Let Nils Babtist attend FHS
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Nils Babtist is an exchange student from Sweden who is living with a host family in Farmington, CT for the duration of the school year. He would like to be able to attend FHS with his host sister, but has been rejected by the Superintendent. Not all hope is lost, though; The Farmington Board of Education can approve Nils’ request, and change its policies to allow him to attend.
This change is important because exchange students offers an unique opportunity, for all of us experience firsthand the richness and diversity of a cultural difference from our own, and for us to exemplify American values and culture to a foreign visitor.
WHY IT MATTERS
In a world that’s becoming closer and smaller, it becomes increasingly important that we can understand and communicate with those of other cultures and nationalities. Not only can this teach us about these other cultures, but it can also teach us about our own ways and culture. This teaching is one emphasized at FHS, which often tries to expose students to different cultures and ways of thinking. But the best way to accomplish this is to invite someone who is from a different culture into FHS, and allow students to organically learn from them in the course of everyday school interactions.
WHY NILS WAS REJECTED
Nils was rejected by Farmington’s Superintendent due to the “very challenging budgetary times” the school district is facing. However, we believe that the costs of having one exchange student are minimal, and that the benefits of having Nils at FHS vastly outweigh the costs. To read about the problem Nils is facing with the Farmington School District from his perspective, visit his website.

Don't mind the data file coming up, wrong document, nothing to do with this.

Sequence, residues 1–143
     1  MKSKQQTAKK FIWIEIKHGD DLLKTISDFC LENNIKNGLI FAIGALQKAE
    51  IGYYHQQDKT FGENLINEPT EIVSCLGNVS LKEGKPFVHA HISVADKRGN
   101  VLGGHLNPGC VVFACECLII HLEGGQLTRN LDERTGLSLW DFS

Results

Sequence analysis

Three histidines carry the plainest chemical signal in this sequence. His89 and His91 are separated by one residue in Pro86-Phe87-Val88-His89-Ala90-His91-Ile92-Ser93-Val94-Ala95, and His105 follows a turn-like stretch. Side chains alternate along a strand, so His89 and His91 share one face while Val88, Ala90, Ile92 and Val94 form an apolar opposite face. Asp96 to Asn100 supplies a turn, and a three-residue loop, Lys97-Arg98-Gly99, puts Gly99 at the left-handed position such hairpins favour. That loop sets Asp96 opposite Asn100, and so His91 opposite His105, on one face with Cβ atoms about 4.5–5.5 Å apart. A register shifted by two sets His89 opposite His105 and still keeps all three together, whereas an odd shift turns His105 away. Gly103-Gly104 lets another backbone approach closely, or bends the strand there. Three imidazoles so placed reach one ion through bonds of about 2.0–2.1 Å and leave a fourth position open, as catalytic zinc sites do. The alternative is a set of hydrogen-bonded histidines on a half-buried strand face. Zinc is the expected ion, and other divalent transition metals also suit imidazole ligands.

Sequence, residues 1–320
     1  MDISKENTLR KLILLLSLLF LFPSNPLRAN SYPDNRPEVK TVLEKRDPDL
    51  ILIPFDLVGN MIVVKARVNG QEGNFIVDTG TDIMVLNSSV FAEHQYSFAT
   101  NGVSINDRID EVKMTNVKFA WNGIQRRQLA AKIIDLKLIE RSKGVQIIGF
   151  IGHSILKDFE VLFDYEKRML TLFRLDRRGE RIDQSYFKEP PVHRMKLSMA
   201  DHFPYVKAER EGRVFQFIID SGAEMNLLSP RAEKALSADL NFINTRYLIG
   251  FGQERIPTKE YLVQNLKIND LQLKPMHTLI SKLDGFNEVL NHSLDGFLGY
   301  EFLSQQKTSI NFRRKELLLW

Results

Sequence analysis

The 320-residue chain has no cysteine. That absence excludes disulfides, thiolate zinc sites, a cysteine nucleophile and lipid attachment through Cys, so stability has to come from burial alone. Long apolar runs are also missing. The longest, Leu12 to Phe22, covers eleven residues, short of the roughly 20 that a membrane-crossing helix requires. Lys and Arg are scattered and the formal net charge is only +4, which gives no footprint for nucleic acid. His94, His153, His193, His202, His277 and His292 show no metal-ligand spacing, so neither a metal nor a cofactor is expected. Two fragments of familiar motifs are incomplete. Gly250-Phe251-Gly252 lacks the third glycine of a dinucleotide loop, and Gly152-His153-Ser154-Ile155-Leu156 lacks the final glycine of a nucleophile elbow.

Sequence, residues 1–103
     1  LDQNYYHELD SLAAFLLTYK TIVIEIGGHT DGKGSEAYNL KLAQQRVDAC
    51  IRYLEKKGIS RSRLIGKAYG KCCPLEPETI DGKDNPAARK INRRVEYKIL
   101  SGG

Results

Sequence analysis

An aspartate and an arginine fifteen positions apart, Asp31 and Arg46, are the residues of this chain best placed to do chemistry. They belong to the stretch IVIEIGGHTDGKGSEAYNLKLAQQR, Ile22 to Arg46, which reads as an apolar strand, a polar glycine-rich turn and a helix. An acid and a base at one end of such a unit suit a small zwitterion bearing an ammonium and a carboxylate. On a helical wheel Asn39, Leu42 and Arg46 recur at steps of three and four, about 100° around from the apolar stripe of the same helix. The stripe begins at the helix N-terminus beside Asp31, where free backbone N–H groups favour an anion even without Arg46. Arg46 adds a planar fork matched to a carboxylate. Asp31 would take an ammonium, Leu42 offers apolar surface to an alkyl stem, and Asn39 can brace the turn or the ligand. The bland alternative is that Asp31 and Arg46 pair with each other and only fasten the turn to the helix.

ABOUT NILS BABTIST
Nils Babtist is a 16 year-old boy from Stockholm, Sweden. He is living with the Trofimov family in Farmington. He enjoys playing sports, especially hockey, tennis, and golf, and a top student at his Swedish school. He is looking forward to exploring and understanding US culture, and playing sports in Farmington.
Nils is a passionate and caring person. In Sweden, he referees youth hockey, and sits on his town’s Election Committee. In the short time he’s been here, he’s been surprised by the kindness and generosity of Americans, in particular about how everyone says “Hello” to each other. He really wants to learn more about the US, and is particularly curious to see how the American education system differs from Sweden’s.
Nils Babtist received a grant from YFU to go to schools in Sweden and talk about his experiences in the US after his return. He is chronicling his experiences in the US at nilsbabtist.com.
ABOUT THE PROGRAM
Nils Babtist is in the US with the Youth For Understanding (YFU) program on a J-1 visa. YFU is a reputable not-for-profit exchange organization with branches in over 50 countries. YFU coordinates exchanges between families interested in hosting and students interested in exchanging, and serves as an intermediary between the two, providing services such as background checks, insurance, and visa assistance. YFU was founded in 1951 in Michigan by Americans interested in hosting students from Germany. Today, it exchanges more than 4500 students every year.
ABOUT THE J-1 VISA
The J-1 Visa is a visa that allows for non-Americans to enter the United States to do a cultural exchange. All J-1 visas must be given by an organization which is screened and vetted by the US Department of State annually. The J-1 visa comes with several restrictions. Among these is that the student cannot pay a school tuition.
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